India's former president Pranab Mukherjee has died 21 days after it was confirmed that he had tested positive for the novel coronavirus. The 84-year-old was in hospital to remove a clot in his brain when it was discovered he also had Covid-19.
Before serving as president between 2012 and 2017, Mr Mukherjee held several important portfolios during his 51-year political career. These included the finance, foreign and defence ministries.
His son, Abhijit, confirmed the news in a tweet.
Indian Prime Minister Narendra Modi praised Mr Mukherjee's contribution to the country, saying the former president had "left an indelible mark on the development trajectory of our nation".
Mr Modi wrote on Twitter: "A scholar par excellence, a towering statesman, he was admired across the political spectrum and by all sections of society".
The current president, Ram Nath Kovind, called Mukherjee "a colossus in public life" who served India "with the spirit of a sage".
The job of president is largely ceremonial but becomes crucial when elections throw up fragmented mandates. The president decides which party or coalition can be invited to form a government.
Mr Mukherjee didn't have to take such a decision because the mandate was clear during his presidency. But he showed his assertiveness in other decisions, such as rejecting the mercy petitions of several people who had been sentenced to death. He also served on the boards of the International Monetary Fund and the World Bank.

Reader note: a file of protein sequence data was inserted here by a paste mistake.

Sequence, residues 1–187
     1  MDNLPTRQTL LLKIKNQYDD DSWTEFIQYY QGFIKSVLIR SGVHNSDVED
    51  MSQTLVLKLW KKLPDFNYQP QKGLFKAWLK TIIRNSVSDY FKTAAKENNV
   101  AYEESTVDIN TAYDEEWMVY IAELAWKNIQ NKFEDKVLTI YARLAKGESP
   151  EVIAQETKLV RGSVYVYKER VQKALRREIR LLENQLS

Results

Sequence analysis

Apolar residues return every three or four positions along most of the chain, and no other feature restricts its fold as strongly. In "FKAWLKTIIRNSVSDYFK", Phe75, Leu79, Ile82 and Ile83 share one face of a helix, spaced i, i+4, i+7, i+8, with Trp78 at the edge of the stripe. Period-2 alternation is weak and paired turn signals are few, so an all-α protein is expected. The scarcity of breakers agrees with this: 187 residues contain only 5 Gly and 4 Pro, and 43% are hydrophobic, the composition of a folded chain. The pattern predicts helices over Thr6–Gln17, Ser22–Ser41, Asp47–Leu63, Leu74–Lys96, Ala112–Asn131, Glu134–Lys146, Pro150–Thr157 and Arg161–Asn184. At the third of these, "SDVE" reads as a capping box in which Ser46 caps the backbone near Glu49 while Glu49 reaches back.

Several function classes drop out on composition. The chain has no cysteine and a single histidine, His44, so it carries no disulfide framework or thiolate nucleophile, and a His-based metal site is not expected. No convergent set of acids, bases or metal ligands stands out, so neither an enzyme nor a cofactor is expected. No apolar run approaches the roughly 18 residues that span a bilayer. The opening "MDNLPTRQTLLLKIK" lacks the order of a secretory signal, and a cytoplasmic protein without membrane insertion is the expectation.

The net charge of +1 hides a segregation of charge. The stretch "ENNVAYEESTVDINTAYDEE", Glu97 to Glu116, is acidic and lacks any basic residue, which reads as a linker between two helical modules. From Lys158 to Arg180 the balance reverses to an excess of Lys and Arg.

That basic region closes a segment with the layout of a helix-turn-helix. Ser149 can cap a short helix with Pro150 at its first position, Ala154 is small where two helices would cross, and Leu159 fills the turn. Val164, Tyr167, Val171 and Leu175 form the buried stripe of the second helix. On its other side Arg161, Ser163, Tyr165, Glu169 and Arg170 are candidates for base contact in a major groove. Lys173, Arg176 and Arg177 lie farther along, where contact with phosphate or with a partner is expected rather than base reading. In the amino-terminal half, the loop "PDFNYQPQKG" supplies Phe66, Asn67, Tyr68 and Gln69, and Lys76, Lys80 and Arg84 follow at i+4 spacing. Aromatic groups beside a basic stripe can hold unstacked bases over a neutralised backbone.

Most of his career was with the Congress party which dominated Indian politics for decades before suffering two consecutive losses in 2014 and 2019 to Prime Minister Narendra Modi's Bharatiya Janata Party (BJP).
Mr Mukherjee joined the party in the 1960s during the tenure of then prime minister Indira Gandhi whom he had described as his mentor.
In 1986 he fell out with the Congress leadership and started his own political party, but returned two years later.
A parliamentarian for 37 years, Mr Mukherjee was widely known as a consensus-builder. Given that consecutive governments before 2014 were built on coalitions, this was an important and valued attribute. However, Mr Mukherjee's larger ambition - of becoming India's prime minister - was never realised. He was overlooked for the post twice - after the assassination of Indira Gandhi in 1984 and after his party's unexpected election win in 2004.
Manmohan Singh, a trained economist who was chosen as the prime minister, later said that Mr Mukherjee had every reason to feel aggrieved.
Dr Singh said: "He was better qualified than I was to become the prime minister, but he also knew that I have no choice in the matter".